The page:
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Review: Experiment Human, The Cockpit

Musician Natalie Russo starts the evening off by letting us know that this a relaxed performance and that we are free to leave or move around at any time. She then reveals that the show will be starting…now. A body is seen on stage, and we’re led to believe that it is actor Benedict Cumberbatch. There’s a story about how he got there and what has happened since, and this is told by two Monkien. The Monkien (he/they) are non-human creatures that live in the attic. They don’t have family and often seem grumpy. What Monkien do have, however,…

Summary

Rating

Excellent

This surreal, quirky and at times bonkers show from Hooky Productions uses impressive comedy and outstanding physical performances to break down complex questions of what it means to be human.

User Rating: 4.56 ( 1 votes)

Musician Natalie Russo starts the evening off by letting us know that this a relaxed performance and that we are free to leave or move around at any time. She then reveals that the show will be starting…now.

A body is seen on stage, and we’re led to believe that it is actor Benedict Cumberbatch. There’s a story about how he got there and what has happened since, and this is told by two Monkien. The Monkien (he/they) are non-human creatures that live in the attic. They don’t have family and often seem grumpy. What Monkien do have, however, is an interest in what makes us human, and a little bit of an obsession about their new friend/pet, Benedict Cumberbatch.

The lighting design by Lilli Fisher is extremely clear and effective, moving us along to different areas of the story, and there is obvious differentiation from when the audience are being spoken to or being directly involved. Audience participation is key to this show, and although I’m sure some may have felt uncomfortable at times, it is always a safe humorous environment. Most importantly, the intentions of the actors are consistently clear.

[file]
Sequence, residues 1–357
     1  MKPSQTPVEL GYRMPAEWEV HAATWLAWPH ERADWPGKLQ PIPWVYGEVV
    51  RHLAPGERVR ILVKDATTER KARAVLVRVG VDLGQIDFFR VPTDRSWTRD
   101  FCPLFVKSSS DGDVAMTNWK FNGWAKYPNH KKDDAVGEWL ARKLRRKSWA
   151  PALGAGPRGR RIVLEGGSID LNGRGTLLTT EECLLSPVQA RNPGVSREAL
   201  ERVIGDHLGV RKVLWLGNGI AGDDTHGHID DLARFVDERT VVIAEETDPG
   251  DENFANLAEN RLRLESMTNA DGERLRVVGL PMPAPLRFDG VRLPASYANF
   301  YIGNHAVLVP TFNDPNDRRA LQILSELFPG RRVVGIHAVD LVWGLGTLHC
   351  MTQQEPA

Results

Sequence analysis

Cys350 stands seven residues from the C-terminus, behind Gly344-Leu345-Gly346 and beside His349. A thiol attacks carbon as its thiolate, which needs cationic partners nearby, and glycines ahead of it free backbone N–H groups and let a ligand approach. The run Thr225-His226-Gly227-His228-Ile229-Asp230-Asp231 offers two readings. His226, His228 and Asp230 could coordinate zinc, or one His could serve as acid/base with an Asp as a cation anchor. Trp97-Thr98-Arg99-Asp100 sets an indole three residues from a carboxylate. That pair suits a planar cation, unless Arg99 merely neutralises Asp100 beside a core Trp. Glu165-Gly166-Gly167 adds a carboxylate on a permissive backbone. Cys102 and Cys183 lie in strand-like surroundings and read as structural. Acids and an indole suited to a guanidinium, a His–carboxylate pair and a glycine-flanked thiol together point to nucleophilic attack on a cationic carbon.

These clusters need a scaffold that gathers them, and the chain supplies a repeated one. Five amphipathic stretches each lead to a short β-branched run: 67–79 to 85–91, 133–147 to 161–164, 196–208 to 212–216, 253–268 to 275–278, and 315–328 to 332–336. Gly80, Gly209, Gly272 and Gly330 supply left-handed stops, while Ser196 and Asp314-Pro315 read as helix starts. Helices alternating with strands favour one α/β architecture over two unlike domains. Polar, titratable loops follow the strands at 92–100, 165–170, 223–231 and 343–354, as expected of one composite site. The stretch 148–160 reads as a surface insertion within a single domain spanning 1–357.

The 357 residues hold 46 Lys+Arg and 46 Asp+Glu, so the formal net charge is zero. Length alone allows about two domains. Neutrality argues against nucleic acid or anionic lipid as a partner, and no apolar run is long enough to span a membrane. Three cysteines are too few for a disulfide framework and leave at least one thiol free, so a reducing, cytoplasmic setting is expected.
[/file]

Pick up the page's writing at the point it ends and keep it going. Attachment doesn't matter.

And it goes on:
With the play being so surreal and highly subjective with its content and meaning, there are still things about it that I am trying to work out. Yes the play is hugely unpredictable, but it’s very funny too. It certainly makes you think as well as laugh. The jokes on the night landed well. More credit is due as the audience had such a wide age range, yet everyone was enjoying themselves; in terms of the humour, there was something for everyone.

The text was clever, allowing us to be laughing one moment and then thinking about complex problems regarding the human species as a whole the next.

The two central performances from Maya Hallpike and Rosa Thomas are outstanding. These characters demand so much both physically and vocally and the actors deliver. They exude confidence and skill, while joined on stage throughout by Russo who plays violin well, yet mirrors the off-beat and uneasy vibe the actors set.

This was the show’s first night at The Cockpit, the first two being cancelled due to the extreme weather (global warming is real!), although you wouldn’t have thought it. The production was composed and certainly hit the ground running.

Experiment Human is an extremely well made, bold, unique, surreal comedy that explores the things that make us human, and what makes us happy. The team holding it up are incredible and the central performances extremely admirable.

Written by: Maya Hallpike and Rosa Thomas
Produced by: Hooky Productions
Light design by: Lilli Fisher

Experiment Human has completed its London run. It will play at EdFringe throughout August. More information can be found here.

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About Aaron-Lee Eyles

Aaron-Lee is an actor, writer and director based in West London. They are passionate about diverse and innovative small-scale theatre. Aaron has had plays performed at The Cockpit, Bread and Roses and Hen and Chickens Theatre. He cannot wait to get started on his next project. Aaron-Lee is represented by Birdston Talent Management.